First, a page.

The Search and Rescue was the hardest part. He wouldn't let us use our flash lights at first so we were searching in the darkness. Of course my team found the body. It was on the toilet. Pitch black; I was stunned how different the room looked with one's eyes as opposed to one's fingers. My partner and I forgot to prop open the door and to teach us a lesson the fireman shut it without us realizing. I was trying to get to the door so that the other team members could get to us by following the sound of my voice and I missed the door because it was open the last time I felt it. So they were delayed getting to us. I felt really bad but we were all screwing up. It's training, we're not meant to be perfect. When they joined us he let us get our flashlights to remove the body. I was holding the flash light on my partner so that she could do a check for respiration before we bothered lifting. We should have claimed he was dead; that would have saved us some trouble. When we were ready to carry the body I got frustrated because I was the only one holding a light on the stall and no one else made a move to go in to lift. So I asked for someone else to lift up a light so that I could help lift but no one did. Finally I had to shove my light into someone's hands - the body would be dead by now!! To delay things even further, for some reason my partner handed me her flashlight so I had to pass that on as well. Finally the other three team members were holding up lights so I was free to lift the legs while my partner took the torso. In doing so, I dumped my CERT backpack on the floor behind me. It then became a hazard because someone could trip over it. Darn. On the bright side, it became a training element. We finally got the body out of the stall but the fireman said I should have lifted facing out instead of in because it would be too dangerous to back out of the house. We had to put the body down and relift it. My fingers got pinched in the "knees" and I kept trying to tell them but again no one would listen so I ended up dropping him from the pain but I picked him up again and got him outside. My fingers were numb for a hour afterwards. Anyway, despite doing three wrong things (door, backpack, and dropping the body!!) I was proud that I at least carried the body. Plus, I got some praise for announcing things to look out for on the floor as we were exploring in the dark, for remembering how to do the head to toe body check for damage, for asking the appropriate questions when he regained conciousness, for thinking about looking for splinting/getting the first aid kits ready while another person was working instead of just standing around and watching like everyone else, and for answering some of their questions correctly. I have to tell myself that to make myself feel better and believe I wasn't a complete screw-up. There is so much to remember, so many little things to think of in the middle of all that choas. But I do feel better prepared and know that next time I would do much better. I sure will never forget to prop a door open again (In my defense, I wasn't the last one through the door!! It was the firemen who came in last so that was a trap!!!!) and to make sure my bag is out of the way and to make sure my hand is not going to be pinched when I lift! And I am very proud of me that I seemed pretty clearheaded, I spoke out a lot, and despite my desire to be one of the watchers I ended up being one of the doers.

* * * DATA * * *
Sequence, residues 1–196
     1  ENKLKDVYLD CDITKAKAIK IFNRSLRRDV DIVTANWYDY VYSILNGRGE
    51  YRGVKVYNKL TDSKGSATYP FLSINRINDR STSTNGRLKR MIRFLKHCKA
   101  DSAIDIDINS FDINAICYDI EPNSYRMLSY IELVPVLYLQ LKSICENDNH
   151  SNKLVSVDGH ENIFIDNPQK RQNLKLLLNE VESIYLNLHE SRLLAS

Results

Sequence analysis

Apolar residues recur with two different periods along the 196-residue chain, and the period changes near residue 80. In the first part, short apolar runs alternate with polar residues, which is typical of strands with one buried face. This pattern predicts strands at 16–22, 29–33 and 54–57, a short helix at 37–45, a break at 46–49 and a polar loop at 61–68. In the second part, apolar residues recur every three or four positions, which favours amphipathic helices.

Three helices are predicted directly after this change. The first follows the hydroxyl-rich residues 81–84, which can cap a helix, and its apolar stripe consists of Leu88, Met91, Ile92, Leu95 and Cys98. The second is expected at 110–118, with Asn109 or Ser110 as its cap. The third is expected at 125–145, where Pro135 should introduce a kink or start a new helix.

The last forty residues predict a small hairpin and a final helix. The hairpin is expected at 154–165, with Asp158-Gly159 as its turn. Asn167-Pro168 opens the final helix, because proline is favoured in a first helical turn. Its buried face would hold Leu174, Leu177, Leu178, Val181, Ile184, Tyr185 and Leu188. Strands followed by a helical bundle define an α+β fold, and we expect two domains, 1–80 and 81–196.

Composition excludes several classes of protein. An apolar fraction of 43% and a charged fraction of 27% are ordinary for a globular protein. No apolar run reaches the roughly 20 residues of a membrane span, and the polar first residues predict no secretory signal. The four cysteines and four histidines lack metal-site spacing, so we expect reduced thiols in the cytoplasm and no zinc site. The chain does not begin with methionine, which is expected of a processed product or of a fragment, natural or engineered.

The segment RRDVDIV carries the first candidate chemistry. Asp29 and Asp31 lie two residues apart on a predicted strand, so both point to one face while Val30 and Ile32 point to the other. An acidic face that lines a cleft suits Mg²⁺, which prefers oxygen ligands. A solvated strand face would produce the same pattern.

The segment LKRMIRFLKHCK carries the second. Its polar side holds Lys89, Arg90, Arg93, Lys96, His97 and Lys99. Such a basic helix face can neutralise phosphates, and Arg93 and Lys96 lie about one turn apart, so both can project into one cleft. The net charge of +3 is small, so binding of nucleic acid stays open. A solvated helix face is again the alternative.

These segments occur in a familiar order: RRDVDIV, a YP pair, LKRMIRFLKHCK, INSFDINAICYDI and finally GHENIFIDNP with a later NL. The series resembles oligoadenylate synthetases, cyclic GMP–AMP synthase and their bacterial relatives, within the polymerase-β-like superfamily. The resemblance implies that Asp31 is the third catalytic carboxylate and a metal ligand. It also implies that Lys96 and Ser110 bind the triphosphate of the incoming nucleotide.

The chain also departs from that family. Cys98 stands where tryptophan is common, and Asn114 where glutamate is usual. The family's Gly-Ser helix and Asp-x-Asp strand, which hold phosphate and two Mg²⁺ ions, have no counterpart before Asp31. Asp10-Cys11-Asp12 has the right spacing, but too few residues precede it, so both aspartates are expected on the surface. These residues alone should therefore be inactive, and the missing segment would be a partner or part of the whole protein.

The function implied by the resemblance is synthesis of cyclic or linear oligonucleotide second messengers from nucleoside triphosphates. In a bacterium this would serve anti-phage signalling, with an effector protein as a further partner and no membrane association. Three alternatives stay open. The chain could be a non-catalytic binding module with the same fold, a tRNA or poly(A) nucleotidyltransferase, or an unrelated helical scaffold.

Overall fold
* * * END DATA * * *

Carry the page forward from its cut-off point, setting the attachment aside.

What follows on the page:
In the end I left kind of sad and kind of happy. I know I shouldn't have expected to be perfect; we are just learning. God help who we help!!! The firemen were really nice, though, and assured us we actually did well. I asked him if he thought I would do more good than harm (my biggest concern) and he said absolutely. They also said to come back and visit any time, which was sweet.

Oh, and I have a cool hard hat and glow vest and will get a name badge from Emergency Services! Whoot!

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Comments

( 8 comments — Leave a comment )
ann_mcn
Feb. 4th, 2008 11:38 am (UTC)
OK, that is one of the coolest things to learn ever. And they didn't spoon feed you, and let you make mistakes -- better mistakes in training than in a real situation.
madladyred
Feb. 5th, 2008 04:31 am (UTC)
it is such a good program! and it's free and they give you a backpack with supplies when you are done. it's so worth doing.

but it really scares me to think about how bad it will be in real life if the scenerio was that challenging. but they do updates and stuff so i'm hoping to get more practice in.

they were really good about letting us learn from mistakes, i know you can learn a lot more from mistakes. but i hate making them! LOL!
nyxedos3679
Feb. 4th, 2008 05:58 pm (UTC)
glowy vest sounds cool.

what color is it?
madladyred
Feb. 5th, 2008 04:27 am (UTC)
insanely bright yellow and they added reflective tape on top of the BRIGHTNESS
sarahtoalaska
Feb. 5th, 2008 03:52 am (UTC)
You know, if you were there to help someone in need when there was no one else.... god would be helping them. One hand is better than none. That's awesome!
madladyred
Feb. 5th, 2008 04:32 am (UTC)
i love you :)
magnet5
Feb. 6th, 2008 10:40 pm (UTC)
It's so totally cool you did this.
madladyred
Feb. 7th, 2008 02:43 am (UTC)
i highly recommend it! i'll show you my CERT backback if you are able to come up on Saturday night.

i did not feel at all cool, though. still, i am definately glad i did it and am going to keep in touch for refresher courses. :)
( 8 comments — Leave a comment )